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Neo-classicist
Luciana Stein meets Brazilian-born Italian hotelier and restaurateur Rogerio Fasano at Fasano Groupís world-renowned S„o Paulo hotel to discuss his perfectionist approach to the hospitality business and his fascinating family ties.


Elegantly dressed in a navy blue suit, Rogerio Fasano is seated in one of the leather armchairs of his hotel in the Jardins neighbourhood of São Paulo. Calmly, he points to a slightly crooked golden lamp illuminating an old map in the lobby. ‘For one hour I have been looking at that lamp and wondering how people let that happen,’ he says. At 47-years-old Fasano has already had two strokes: one at 37 and the other at 42.

Yet still he goes on smoking and worrying about each lamp, just as he cares about every dish that comes out of each kitchen in the eleven restaurants, bars and hotels the Fasano Group owns in Rio de Janeiro and São Paulo. Fasano says he is ‘the first victim of his own perfectionism,’ and this intense, Brazilianborn Italian may not be exaggerating.

As one of the most important businessmen in Brazil, Fasano has renewed the tradition of his Italian family and set the standards for a contemporary image of the country, and he has no intention of stopping. The Fasano Group is expanding, with three new hotel enterprises on the way. Next year a Fasano hotel will open at Fazenda Boa Vista, located in a luxury country complex created by partner JHSF Group. Properties in Punta del Este on the Uruguayan coast and Trancoso in north-east Brazil are next on Fasano’s agenda.

Gastronomy and hospitality are the channels through which Fasano, an ex-cinema student, chooses to express his views, and he does it with rigour.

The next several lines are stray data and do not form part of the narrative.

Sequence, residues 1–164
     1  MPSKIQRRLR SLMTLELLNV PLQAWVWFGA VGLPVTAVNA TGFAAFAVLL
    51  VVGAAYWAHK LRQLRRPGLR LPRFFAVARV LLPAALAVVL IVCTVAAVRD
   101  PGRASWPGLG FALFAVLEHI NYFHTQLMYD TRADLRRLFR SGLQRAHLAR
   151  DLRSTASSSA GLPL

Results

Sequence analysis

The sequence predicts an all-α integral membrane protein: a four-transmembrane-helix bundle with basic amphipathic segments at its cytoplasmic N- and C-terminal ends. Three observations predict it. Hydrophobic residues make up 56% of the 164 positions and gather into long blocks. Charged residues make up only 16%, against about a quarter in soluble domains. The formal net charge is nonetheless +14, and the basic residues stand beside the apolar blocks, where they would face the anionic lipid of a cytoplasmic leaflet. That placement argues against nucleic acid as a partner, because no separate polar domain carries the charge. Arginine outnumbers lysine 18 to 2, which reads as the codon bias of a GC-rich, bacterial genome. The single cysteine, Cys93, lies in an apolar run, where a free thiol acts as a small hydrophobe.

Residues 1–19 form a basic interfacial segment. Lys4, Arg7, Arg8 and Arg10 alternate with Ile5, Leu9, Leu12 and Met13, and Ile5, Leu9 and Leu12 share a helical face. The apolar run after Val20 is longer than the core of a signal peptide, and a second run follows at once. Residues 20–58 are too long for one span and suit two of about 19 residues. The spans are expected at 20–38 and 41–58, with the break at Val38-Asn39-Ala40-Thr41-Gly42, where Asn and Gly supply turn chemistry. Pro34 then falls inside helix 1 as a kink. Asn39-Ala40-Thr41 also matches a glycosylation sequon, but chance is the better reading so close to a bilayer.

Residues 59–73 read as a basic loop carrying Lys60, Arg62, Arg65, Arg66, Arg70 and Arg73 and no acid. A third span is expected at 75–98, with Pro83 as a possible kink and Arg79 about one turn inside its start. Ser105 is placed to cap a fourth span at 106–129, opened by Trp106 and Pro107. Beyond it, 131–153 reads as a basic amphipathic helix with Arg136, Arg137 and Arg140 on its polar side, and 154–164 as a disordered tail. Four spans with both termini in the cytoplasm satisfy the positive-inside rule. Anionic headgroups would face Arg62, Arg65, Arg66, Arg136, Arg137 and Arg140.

His productions are classical with a twist. In most of Fasano’s creations there are no big extravagances in food or style. Think of the sober colours and noble ingredients in a traditional linguine alle vongoli fresche.

Spaces have a masculine sophistication with smells of leather and expensive cigars backed by a soundtrack of bossa nova. Even the most recent project, the Fasano hotel in Rio de Janeiro, which was decorated by celebrated French designer Philippe Starck, follows the aesthetic.

Fasano appreciates the creative atmosphere that flourished in Brazil in the 1950s and 60s, epitomised by architects such as Sergio Bernardes and Oscar Niemeyer, and musicians such as Tom Jobin and Nara Leão. The hotel in Rio followed this inspiration.

In Brazil the Fasano family name is a well-known synonym for gastronomy. Most people tend to assume that Rogerio smoothly followed the family footsteps in the manner of a Godfather plot. The truth was not this straightforward, however.

Until 1982 all Fasano knew about restaurants came from memories of his childhood spent among the tables of the restaurants his grandfather Ruggero owned in the 40s to the 60s, and also mythical tales of his grand-grandfather Vittorio’s restaurant. Vittorio was a Milanese who went to Brazil in 1902 and opened Brasserie Paulista in the centre of São Paulo.

The name later changed to Fasano and the restaurant lasted into the 30s. Both businessmen became important figures in São Paulo and their restaurants represented the urban Brazil that was emerging at the time.

But when Grandpa Ruggero died in 1968, Fabrizio, Rogerio’s father, decided to discontinue the family business. A talented, charismatic and self-made man, Fabrizio, who is now 73, created the first locally produced whisky, made with eight-year-old aged malts, Old Eight.